Thursday, February 21, 2008

comfort levels

It's inevitable that every single one of us, as we pursue our lives and make the effort to become more aware (and consequently more human) will run into the conflicts, frustrations, and negativities that ordinary life puts in front of us.

In my experience, seeking escape from the actual conditions of the ordinary is pointless. I tried it with drugs and alcohol, and it didn't work. Sobriety, of course, didn't lessen the demands any: instead, they became greater. No matter where I go and what I do, life keeps battering me in unexpected ways.

Nor, in my experience, does affecting, cultivating, or even actually discovering a rapturous inner aloofness makes sense either. I've watched others try to pull this off by adoption, and it almost invariably collapses when it collides with reality. As to the discovering- well, I had a set of extraordinary experiences some years ago, but ultimately determined that wallowing in a cloud of inner bliss isn't the answer either. I intentionally renounced that particular set of conditions because it appeared to me that more is required.

Not sure about the rest of you, but I didn't get born here--"acquire this body difficult to acquire," as Dogen would put it--in order to sit on my ass feeling marvelous about anything, and next-to-nothing, 24/7.

In my own experience, and by my choice, I see it is necessary to ruthlessly (that is, without rue) confront the realities of my existence and engage with them. That is--once again, in the words of Dogen-- "to practice as though extinguishing flames from around my head."

As his imagery so graphically suggests, this is anything but comfortable. I am required to take both my inner and my outer resources and bring them together at a point in front of me where things may not be going well at all. At such an instant, I see, it is likely that my outer senses, my outer resources, my habits, reactions, ego, and opinions are already dominating--or at any rate want to. The trick is to bring something else to that moment as well, so that there is more of a balance.

The inner senses can be present in such a moment, and not be negative at all. They are forced at that time to confront the reality of what the outer senses create in us, and the friction between these two states may wake me up. At a minimum, if this happens, I actually see that I have two natures, and I see how they are at direct odds with one another.

Achieving a better inner connection and achieving a state in which there is regular support from a part of myself which draws water from a different well does not in any way excuse me from the ordinary conditions of life, nor does it cure me of what I am. If anything, it requires me to meet life with at least as much force as I did before, but with the addition of a substance--

called conscience.

This substance is, according to Gurdjieff, the one part of man's psyche that, having been submerged beneath the thick layer of his so-called "conscious" personality, is still relatively intact. Despite all the damage done by lives dwelling in dissolution across generations, he maintains, there is this one part inside man that is still relatively whole and healthy.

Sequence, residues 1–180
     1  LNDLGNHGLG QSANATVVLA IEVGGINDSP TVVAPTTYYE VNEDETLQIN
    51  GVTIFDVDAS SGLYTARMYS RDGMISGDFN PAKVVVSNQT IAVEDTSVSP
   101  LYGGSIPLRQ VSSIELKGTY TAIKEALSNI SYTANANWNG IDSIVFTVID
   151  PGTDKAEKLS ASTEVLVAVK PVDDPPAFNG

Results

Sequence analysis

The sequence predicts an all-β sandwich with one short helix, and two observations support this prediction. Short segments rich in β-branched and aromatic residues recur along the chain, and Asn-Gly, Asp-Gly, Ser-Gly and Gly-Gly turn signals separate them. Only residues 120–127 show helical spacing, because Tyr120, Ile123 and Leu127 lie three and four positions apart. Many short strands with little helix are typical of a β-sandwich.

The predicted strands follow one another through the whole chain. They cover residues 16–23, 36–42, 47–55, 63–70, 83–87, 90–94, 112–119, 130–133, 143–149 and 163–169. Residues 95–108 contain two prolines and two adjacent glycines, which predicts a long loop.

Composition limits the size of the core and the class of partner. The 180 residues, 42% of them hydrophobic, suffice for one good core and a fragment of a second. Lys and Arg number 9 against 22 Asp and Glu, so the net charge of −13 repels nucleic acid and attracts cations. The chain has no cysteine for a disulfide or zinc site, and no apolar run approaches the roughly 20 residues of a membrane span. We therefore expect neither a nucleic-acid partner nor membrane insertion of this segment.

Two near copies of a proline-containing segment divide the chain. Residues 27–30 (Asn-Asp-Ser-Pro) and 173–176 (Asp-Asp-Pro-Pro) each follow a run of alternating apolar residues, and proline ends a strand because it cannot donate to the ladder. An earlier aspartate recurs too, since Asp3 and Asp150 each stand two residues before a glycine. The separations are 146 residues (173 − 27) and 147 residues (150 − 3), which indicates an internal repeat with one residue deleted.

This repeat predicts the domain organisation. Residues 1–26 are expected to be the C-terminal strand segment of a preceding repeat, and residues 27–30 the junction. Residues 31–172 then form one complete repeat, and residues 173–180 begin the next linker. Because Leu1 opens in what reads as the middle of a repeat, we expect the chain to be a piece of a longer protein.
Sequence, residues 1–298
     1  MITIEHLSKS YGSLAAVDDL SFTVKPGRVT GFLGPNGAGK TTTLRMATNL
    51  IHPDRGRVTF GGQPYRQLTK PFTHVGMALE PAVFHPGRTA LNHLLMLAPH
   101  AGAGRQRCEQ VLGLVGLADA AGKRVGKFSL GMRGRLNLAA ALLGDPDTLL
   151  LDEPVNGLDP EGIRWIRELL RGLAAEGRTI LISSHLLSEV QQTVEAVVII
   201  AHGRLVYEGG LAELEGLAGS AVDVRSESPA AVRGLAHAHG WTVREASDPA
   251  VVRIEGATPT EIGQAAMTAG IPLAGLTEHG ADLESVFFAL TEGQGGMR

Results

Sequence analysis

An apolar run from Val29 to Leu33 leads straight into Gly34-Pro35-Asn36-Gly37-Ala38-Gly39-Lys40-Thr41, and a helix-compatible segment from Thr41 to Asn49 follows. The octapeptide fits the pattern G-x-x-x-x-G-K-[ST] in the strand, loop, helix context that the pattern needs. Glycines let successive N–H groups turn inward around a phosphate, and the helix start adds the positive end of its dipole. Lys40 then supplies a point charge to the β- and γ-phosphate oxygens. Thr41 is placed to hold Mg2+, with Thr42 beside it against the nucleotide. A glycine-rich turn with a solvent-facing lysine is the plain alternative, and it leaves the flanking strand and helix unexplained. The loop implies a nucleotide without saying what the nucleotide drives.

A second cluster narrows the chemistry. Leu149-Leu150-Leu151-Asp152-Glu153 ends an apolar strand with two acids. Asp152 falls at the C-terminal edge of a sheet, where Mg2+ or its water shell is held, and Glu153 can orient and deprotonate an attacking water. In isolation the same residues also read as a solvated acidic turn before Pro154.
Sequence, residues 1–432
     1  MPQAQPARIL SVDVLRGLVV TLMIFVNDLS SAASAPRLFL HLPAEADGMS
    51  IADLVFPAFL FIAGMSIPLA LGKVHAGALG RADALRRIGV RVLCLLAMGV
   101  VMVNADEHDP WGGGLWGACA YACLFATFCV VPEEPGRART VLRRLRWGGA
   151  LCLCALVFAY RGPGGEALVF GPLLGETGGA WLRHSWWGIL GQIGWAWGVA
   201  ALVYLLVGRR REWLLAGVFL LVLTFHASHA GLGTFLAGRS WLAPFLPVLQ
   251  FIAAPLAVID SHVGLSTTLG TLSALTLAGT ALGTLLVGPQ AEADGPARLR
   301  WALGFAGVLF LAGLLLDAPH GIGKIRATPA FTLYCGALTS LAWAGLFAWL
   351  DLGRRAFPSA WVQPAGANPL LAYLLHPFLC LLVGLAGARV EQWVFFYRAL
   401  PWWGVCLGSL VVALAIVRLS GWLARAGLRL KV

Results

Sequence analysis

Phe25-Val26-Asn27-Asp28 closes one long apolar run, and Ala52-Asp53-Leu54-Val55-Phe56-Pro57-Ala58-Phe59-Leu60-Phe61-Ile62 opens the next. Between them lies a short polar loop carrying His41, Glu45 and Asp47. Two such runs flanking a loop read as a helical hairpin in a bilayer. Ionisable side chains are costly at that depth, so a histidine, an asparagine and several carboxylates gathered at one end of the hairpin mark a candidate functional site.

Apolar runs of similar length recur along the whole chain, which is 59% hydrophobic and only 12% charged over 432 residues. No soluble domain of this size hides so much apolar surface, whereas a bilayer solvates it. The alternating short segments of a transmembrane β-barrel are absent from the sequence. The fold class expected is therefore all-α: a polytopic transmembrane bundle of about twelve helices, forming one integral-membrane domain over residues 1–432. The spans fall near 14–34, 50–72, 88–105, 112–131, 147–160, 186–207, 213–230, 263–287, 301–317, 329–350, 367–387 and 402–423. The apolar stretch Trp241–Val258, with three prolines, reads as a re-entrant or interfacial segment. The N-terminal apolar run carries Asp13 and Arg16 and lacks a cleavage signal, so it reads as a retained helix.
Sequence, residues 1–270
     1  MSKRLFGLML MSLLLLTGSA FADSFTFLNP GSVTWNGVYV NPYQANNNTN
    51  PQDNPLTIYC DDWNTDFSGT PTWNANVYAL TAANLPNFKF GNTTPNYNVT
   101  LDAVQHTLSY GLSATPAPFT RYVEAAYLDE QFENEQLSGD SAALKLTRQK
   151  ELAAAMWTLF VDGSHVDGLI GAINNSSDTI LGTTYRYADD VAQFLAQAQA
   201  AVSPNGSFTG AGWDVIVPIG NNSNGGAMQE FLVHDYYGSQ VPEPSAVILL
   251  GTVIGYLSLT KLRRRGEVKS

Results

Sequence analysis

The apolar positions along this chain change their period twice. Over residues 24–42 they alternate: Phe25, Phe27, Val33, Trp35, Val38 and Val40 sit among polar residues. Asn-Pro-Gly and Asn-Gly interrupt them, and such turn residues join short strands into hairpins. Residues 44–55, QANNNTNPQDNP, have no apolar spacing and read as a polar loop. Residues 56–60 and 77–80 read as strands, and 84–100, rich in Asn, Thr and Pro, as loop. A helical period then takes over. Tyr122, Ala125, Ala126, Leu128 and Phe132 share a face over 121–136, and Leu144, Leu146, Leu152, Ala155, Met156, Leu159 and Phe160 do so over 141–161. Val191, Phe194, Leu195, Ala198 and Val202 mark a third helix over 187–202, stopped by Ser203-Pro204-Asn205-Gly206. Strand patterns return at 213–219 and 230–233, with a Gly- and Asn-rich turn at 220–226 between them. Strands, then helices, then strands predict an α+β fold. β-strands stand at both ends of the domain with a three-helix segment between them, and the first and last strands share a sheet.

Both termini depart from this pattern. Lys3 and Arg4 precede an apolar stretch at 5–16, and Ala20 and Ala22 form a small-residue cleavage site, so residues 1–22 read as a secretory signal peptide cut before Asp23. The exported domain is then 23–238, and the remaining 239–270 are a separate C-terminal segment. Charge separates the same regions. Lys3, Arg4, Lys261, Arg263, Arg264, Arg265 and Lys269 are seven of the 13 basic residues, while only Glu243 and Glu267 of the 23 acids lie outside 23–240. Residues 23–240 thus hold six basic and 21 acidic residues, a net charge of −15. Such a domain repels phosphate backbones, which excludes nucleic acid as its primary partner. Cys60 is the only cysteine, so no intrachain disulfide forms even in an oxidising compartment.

Conscience can change the way we express ourselves and how we react to other people: maybe not much, but certainly enough to make a difference. It calls on us to act in the interests of the situation and the other people, not just our own interests. It requires us to use our force.

When one looks at spiritual teachers like Gurdjieff, who did things that appeared to be at best peculiar, and sometimes controversial, distressing, or even abusive, one begins to suspect that he was acting from conscience. He was aware enough to know that what a person wanted done for them was not what was good for them, in the sense that what they wanted was likely to impede their growth, rather than foster it.

We are all in that position in regard to ourselves and our own inner work. If, in such a moment, we actually see a relationship between our inner nature and our outer nature, and we see that there's a division, we will often see that what needs to be done is something "we" do not want.

We do not want it because it contradicts our outer nature, which we have been invested in so thoroughly, for so long, that we have forgotten our inner nature: as Gurdjieff says, we have "forgotten ourselves."

It is only when we begin to make the choice to contradict our outer nature -- that is, as Gurdjieff advised us, to go against what "it" wants, to go against habit --of our own volition that we begin to understand that we cannot wait for someone else to tell us what to do.

Our work begins here, now, in front of us, in ordinary life, not in an idealized set of conditions where things are arranged so that we can be mellow, calm, and groovy.

Moments may not call for serenity--they may not call for a laid-back approach or a forgiving, laissez-faire attitude. They do not call for a manufactured spirituality, based on supposition and imitation, which so many bring to life. No matter how impressive they may be, such faux-enlightened attitudes are ultimately the manifestations of sheep.

Life in action, life taken "directly from the heart," so to speak, calls for a new kind of involvement. It may well be involvement in a way that makes us uncomfortable, that makes everyone uncomfortable, simply in the interests of helping us all to meet a little more friction, be a little more awake. A life approached and engaged in this way may be crude, it may be gritty, and it certainly won't be pretty. But it's the discomfort that matters.

Being "comfortable" does not help us learn or change. All it does is teach us to be complacent and lazy.

May your roots find water, and your leaves know sun.

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